Skip to main content
    • Aa
    • Aa
  • The Journal of Ecclesiastical History, Volume 58, Issue 4
  • October 2007, pp. 628-655

Inventing the Lollard Past: The Afterlife of a Medieval Sermon in Early Modern England

  • DOI:
  • Published online: 18 October 2007

This essay explores the evolving significance of a famous fourteenth-century Paul's Cross sermon by Thomas Wimbledon in late medieval and early modern England and its transmission from manuscript to print. It highlights the ideological ambiguity of the text against the backdrop of the academic Wycliffite challenge and shows how it illuminates the permeability of the boundary between heterodoxy and orthodoxy in the fifteenth century. It then examines how the sermon was revived and published in the mid-Tudor period as a Lollard tract as part of an effort to supply the new Protestant religion with an historical pedigree and how it subsequently entered into the popular stock of commercial publishers. The afterlife of Wimbledon's celebrated sermon sheds fresh light on the ongoing process of inventing and re-inventing the pre-Reformation past.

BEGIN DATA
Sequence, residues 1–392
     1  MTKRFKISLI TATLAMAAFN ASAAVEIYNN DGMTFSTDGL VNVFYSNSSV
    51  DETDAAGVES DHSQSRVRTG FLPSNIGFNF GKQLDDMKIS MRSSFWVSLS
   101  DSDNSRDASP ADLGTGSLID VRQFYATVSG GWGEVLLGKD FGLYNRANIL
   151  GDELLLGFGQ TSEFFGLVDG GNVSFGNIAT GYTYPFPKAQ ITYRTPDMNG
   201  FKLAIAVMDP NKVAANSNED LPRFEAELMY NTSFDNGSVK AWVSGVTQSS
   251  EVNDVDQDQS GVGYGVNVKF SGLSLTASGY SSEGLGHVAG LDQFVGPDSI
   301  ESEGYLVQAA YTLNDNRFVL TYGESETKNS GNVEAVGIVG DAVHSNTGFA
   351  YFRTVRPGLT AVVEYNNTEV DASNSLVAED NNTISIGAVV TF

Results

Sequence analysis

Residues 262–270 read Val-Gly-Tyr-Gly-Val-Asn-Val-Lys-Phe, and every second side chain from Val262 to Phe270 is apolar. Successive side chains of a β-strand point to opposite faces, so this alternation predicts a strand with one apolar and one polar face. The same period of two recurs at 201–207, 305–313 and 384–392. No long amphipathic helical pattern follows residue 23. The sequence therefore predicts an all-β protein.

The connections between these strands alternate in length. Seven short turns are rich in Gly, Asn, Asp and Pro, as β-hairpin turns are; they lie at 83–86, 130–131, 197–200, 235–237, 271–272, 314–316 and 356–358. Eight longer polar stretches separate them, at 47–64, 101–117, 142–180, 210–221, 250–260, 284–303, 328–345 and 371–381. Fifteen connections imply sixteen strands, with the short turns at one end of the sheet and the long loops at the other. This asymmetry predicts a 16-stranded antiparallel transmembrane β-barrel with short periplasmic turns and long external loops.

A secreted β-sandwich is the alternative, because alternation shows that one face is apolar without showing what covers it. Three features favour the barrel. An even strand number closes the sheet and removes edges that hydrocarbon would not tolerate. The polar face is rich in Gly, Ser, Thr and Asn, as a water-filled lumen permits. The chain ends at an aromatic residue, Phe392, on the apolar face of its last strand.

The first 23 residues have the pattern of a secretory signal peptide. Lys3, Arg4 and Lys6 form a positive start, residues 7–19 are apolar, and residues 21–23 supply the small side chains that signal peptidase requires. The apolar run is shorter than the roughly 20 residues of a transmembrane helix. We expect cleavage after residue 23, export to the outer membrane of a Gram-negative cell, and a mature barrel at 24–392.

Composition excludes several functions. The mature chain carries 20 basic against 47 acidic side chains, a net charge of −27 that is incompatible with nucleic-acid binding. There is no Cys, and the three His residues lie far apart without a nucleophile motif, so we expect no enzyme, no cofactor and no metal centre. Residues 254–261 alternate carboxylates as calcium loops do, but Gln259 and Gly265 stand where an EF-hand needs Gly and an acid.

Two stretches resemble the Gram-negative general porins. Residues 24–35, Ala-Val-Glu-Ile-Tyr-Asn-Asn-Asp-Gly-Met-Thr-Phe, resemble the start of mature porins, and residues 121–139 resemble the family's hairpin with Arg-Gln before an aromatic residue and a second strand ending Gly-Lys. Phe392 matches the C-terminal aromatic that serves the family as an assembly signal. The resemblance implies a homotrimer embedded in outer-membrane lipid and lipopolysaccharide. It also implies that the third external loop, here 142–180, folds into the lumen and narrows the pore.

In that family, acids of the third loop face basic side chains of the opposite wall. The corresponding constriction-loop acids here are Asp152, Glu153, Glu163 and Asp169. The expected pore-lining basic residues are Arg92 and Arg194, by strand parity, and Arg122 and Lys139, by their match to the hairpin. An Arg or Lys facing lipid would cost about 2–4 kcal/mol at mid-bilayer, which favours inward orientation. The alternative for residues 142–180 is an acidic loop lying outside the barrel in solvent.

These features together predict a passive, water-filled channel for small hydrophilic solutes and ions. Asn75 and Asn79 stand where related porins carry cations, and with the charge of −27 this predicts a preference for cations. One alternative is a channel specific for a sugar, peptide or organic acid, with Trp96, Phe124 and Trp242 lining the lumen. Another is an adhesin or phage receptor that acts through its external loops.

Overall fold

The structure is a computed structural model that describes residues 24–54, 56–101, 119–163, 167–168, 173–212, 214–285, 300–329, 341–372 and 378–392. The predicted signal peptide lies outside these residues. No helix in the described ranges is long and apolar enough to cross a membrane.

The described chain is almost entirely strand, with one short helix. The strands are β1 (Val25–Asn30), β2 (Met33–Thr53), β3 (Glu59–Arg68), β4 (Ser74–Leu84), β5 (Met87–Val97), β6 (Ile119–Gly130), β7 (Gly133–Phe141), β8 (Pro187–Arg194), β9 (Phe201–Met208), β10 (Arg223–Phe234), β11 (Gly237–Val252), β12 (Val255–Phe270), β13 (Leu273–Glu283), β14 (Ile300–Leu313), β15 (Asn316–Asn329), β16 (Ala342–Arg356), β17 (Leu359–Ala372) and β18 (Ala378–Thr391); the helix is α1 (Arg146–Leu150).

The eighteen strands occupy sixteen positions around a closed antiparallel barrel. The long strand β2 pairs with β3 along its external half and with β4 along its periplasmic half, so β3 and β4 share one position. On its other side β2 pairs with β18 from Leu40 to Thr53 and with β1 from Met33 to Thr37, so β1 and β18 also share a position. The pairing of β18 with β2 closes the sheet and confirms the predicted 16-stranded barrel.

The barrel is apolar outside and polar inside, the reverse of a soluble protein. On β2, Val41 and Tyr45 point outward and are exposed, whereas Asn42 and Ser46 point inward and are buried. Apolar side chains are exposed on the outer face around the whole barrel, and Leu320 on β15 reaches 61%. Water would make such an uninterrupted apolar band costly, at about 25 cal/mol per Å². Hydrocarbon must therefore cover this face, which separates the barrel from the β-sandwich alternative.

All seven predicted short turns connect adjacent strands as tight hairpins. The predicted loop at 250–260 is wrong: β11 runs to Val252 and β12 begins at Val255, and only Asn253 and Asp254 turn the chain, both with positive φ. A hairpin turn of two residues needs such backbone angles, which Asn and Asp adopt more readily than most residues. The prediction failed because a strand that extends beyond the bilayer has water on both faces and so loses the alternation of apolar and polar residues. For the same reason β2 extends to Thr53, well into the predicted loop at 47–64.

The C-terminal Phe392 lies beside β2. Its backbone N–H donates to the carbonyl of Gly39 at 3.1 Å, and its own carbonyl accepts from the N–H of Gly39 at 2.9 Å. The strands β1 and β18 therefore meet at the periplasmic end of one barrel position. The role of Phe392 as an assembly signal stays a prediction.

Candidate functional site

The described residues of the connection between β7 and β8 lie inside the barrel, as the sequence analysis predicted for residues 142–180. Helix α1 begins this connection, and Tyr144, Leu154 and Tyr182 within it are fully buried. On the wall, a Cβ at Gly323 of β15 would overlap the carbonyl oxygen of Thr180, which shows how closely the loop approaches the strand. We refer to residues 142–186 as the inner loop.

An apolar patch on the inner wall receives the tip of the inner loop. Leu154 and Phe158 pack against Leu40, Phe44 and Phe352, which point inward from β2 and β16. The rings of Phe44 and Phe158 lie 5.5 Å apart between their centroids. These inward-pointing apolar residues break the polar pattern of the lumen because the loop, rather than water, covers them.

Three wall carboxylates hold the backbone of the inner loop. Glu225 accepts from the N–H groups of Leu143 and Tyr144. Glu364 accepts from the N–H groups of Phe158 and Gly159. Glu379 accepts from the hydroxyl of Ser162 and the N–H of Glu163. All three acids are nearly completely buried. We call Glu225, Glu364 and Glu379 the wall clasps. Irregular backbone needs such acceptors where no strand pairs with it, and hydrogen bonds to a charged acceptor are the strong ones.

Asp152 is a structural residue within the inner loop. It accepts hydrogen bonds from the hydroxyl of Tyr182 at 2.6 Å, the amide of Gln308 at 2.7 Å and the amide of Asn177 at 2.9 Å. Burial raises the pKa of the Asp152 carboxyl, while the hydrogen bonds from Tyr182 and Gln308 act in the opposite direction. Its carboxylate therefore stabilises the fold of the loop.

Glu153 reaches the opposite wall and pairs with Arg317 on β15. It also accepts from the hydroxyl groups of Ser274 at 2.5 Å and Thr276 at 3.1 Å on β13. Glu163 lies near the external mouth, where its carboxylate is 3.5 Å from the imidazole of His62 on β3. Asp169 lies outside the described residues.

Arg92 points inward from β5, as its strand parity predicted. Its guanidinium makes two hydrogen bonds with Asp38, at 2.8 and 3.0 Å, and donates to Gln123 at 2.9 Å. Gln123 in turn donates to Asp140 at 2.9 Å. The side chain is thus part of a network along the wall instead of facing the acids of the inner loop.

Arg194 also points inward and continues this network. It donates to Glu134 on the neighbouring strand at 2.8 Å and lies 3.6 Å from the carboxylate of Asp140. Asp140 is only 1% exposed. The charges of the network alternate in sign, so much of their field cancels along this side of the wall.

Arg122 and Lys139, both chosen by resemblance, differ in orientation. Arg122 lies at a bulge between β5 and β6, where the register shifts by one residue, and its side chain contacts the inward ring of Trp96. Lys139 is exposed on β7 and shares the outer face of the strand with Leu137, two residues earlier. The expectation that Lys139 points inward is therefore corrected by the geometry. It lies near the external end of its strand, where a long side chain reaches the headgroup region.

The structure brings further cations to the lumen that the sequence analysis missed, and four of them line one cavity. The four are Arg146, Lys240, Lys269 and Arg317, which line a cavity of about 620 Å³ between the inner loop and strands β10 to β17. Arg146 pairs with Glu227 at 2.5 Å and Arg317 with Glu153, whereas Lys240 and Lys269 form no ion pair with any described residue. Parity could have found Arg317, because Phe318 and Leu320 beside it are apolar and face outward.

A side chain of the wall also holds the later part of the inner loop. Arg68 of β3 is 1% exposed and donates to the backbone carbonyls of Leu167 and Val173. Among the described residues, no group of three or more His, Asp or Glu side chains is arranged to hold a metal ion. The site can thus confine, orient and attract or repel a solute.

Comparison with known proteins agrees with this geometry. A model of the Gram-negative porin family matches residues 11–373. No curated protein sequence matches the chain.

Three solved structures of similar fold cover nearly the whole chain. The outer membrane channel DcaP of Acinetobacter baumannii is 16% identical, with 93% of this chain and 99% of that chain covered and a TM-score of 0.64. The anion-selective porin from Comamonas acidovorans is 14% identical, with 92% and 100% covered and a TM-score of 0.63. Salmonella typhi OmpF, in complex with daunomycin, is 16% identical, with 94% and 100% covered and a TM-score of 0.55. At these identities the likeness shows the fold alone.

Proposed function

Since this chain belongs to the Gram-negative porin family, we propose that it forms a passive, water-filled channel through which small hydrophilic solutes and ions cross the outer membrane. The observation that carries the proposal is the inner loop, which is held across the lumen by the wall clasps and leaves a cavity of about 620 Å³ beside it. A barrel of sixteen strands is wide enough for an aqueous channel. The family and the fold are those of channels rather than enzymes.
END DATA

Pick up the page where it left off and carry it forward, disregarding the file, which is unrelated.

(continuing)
Linked references
Hide All

This list contains references from the content that can be linked to their source. For a full set of references and notes please see the PDF or HTML where available.

Anne Hudson , ‘The expurgation of a Lollard sermon cycle’, JTS n.s. xxii (1971), 451–65

Recommend this journal

Email your librarian or administrator to recommend adding this journal to your organisation's collection.

The Journal of Ecclesiastical History
  • ISSN: 0022-0469
  • EISSN: 1469-7637
  • URL: /core/journals/journal-of-ecclesiastical-history
Please enter your name
Please enter a valid email address
Who would you like to send this to? *